Forever 21 Honda

LOS ANGELES Marketers’ infatuation with collaborations to generate buzz is something Forever 21 understands, but the reason behind its latest tie-up has more meat to it.

Thursday’s launch of the retailer’s collaboration with Honda, round two of the two companies’ partnership, aims to help it attract more men, particularly in stores, via streetwear.

The collection, which includes both men’s and women’s sizing, features 33 stockkeeping units of Eighties and Nineties motocross-inspired looks that are a nod to some of the conglomerate’s powersports division’s archival pieces. There’s cropped hoodies, bodysuits, racing jackets and pants, shorts and T-shirts bearing the Honda logo, check pattern and bright colors. Pricing starts at $4.90 and goes up to $69.90.

F21xHonda’s coming on the heels of some more unlikely, downright head turning mash-ups between the fast-fashion retailer and, for example, Taco Bell, MTV, “The Grinch” and “Stranger Things.”

“First and foremost, we’re a trend-first company,” said Forever 21 vice president of merchandising Linda Chang. “We’re looking for a brand [to collaborate with] that we feel is on trend that resonates with the consumer.…We try to get out of the box as much as possible. We’re interested in bringing something new and exciting to the consumer. Something they might not have seen before, which is how these different collections come about, like Taco Bell or like Honda.”

The Honda collaboration follows last year’s first collection launch, which was prompted after the company’s creative team attended a 2017 motocross convention.

“We were really interested in the fashion aspect of what was happening in motocross,” Chang said. “That’s where we met Honda, and for this particular collection that we did this year, they allowed us to look at their archives from the Eighties and Nineties.”

The company enlisted 21 Savage to be the face of the campaign for his music and fashion sense after seeing him riding bikes.

Forever 21 also continues to finely tune its retail fleet of more than 800 stores worldwide, adapting the strategy to not only focus on playing up high-profile collaborations but also highlighting men’s. The Honda collaboration will get greater play on the selling floor in higher-profile doors where Honda is even providing bikes for merchandising displays.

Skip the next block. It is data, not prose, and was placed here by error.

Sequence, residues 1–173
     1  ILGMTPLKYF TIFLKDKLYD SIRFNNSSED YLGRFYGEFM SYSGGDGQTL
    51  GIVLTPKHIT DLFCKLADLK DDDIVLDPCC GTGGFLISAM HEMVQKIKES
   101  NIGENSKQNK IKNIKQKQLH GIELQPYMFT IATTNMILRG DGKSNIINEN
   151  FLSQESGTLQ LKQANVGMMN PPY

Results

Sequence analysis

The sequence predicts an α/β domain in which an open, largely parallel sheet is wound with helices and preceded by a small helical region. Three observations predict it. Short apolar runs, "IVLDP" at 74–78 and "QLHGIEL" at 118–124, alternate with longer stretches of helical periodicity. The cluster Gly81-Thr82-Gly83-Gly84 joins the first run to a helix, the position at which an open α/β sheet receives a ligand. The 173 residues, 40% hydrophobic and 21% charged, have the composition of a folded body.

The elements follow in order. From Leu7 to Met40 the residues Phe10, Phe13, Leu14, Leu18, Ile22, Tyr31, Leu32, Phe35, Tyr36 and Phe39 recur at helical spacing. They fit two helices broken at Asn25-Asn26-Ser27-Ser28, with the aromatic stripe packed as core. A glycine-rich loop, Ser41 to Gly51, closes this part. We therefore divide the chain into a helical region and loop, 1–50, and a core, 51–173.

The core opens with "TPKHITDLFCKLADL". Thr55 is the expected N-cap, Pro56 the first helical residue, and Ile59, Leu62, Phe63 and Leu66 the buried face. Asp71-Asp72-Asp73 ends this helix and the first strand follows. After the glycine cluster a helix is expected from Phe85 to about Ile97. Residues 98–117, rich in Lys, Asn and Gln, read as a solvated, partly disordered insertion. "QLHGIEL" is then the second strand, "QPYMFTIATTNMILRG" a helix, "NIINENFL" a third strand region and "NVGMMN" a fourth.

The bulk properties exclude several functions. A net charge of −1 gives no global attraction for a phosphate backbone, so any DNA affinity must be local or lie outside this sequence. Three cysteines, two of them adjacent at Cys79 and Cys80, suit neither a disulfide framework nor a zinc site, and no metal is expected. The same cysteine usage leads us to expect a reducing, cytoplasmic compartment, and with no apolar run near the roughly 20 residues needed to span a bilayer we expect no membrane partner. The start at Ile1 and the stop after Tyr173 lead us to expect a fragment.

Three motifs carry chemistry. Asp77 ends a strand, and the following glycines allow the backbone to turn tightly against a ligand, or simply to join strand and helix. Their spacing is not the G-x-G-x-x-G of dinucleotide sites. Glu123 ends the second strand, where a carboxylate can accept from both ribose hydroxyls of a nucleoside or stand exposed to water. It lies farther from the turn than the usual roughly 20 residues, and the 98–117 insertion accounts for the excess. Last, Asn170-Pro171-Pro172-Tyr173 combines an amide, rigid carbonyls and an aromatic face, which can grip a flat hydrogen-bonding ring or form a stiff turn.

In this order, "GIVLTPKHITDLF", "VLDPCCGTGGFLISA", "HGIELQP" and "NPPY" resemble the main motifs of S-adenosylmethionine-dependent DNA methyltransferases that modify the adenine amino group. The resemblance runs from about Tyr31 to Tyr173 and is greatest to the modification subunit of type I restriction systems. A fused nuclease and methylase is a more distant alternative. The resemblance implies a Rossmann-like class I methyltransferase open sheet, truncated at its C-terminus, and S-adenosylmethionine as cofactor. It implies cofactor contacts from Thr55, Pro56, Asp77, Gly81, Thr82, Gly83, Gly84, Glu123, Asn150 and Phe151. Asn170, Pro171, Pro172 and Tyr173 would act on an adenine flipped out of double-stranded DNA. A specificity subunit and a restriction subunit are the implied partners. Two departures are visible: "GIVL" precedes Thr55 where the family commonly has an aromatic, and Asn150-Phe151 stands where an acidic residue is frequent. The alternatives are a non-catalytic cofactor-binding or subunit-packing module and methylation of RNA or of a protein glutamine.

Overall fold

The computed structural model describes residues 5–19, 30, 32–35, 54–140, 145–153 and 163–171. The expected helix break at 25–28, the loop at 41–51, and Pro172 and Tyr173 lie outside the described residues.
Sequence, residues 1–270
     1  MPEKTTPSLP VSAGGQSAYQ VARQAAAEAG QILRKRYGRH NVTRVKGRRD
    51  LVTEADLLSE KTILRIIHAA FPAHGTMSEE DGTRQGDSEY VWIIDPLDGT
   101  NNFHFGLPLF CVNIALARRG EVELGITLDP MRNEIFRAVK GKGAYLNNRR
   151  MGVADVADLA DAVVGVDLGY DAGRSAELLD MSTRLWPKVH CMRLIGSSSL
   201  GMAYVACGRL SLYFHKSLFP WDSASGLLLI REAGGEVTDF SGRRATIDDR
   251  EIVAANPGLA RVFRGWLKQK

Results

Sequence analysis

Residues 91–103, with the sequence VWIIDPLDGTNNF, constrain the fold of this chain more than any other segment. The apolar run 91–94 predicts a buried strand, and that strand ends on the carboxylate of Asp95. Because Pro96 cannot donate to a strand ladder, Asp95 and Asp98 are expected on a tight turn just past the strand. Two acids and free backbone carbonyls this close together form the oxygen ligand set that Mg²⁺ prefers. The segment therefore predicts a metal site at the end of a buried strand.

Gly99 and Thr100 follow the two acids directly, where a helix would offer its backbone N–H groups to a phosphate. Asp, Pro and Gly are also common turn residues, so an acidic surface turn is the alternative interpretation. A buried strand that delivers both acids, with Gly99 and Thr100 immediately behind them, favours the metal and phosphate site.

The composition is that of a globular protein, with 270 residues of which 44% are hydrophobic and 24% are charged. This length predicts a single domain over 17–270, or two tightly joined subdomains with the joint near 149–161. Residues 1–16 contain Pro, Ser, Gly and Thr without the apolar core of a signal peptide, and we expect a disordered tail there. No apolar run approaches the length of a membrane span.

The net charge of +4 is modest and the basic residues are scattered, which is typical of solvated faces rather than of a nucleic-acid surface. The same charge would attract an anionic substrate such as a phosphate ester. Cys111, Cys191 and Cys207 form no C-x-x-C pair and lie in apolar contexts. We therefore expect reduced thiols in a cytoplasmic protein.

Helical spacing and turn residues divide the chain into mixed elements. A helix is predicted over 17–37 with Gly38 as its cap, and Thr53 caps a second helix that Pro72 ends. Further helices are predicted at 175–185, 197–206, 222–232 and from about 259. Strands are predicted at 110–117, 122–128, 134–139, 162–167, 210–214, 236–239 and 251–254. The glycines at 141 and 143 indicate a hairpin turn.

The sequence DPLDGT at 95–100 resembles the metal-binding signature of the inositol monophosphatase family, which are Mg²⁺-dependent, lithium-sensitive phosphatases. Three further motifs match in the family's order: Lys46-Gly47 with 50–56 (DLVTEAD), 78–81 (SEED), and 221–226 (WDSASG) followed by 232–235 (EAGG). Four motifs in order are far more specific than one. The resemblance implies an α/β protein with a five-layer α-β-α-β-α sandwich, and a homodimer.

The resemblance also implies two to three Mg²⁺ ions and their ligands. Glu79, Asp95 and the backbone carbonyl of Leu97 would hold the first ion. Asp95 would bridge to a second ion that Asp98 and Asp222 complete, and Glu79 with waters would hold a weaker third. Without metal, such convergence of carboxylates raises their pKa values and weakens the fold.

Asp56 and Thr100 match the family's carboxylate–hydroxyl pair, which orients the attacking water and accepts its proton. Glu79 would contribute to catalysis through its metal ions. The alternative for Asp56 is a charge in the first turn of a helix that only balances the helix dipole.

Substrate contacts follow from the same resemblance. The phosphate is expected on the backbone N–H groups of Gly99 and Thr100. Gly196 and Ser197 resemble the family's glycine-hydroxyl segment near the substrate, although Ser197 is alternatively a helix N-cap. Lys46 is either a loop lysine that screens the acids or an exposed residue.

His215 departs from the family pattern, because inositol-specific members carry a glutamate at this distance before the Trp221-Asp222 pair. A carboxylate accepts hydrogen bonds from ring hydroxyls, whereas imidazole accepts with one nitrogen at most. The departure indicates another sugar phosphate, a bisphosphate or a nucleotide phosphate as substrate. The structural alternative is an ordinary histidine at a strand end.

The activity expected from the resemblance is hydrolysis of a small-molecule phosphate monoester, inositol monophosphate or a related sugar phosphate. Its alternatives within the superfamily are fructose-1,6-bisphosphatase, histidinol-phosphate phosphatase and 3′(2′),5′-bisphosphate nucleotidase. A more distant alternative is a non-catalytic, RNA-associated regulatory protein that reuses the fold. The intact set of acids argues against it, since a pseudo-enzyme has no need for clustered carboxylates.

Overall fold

“Historically, we haven’t been known as a men’s wear brand, but it is something that is fast and growing for us,” Chang said.

In fact, there have been times, she went on to say, where the men’s pieces in a collaboration or collection end up outselling the women’s, which is what prompted the greater interest in bolstering the merchandising of certain collections at retail.

“We don’t market ourselves as unisex necessarily, but we do see and have seen our consumer buy across both men’s wear and women’s wear,” she continued.

A few more collaborations, the details of which Chang declined to share, are in the works this year that will continue the spotlight on men’s. Whether there will be a third Honda collaboration depends on sell through, she said.

“We take it year-by-year and collection by collection,” Chang said, “but I definitely think there are more legs to [Honda].”

Outside of merchandise strategies, Chang said Forever 21 will continue to open stores this year.

“We’re focusing definitely on store openings as well as collaborations,” she said. “I think in the industry you’re hearing a lot about how there’s a lot of store closures, but for us we feel like we have good momentum going for us and we just want to continue to tell these interesting stories to continue to drive the traffic into our stores. We’re seeing that traffic isn’t dead as much as people were saying it was going to be dead and it was the death of malls. This [past] year has really proven that it hasn’t.”

The competition only continues to increase within fast-fashion and also more broadly. Boohoo and PrettyLittleThing, both owned by Manchester-based plc have recently opened U.S. headquarters in Los Angeles with influencer-dedicated spaces to amp their reach on social. Chang acknowledged the competition.

“I would consider that in our competitive landscape,” she said of those companies. “I think anything that takes a share of the wallet from our consumers can be part of that competitive landscape, so it’s not even necessarily just apparel retailers. It’s also other areas. People are spending money on music and different things. So we’re keeping our eye open for all of those things.”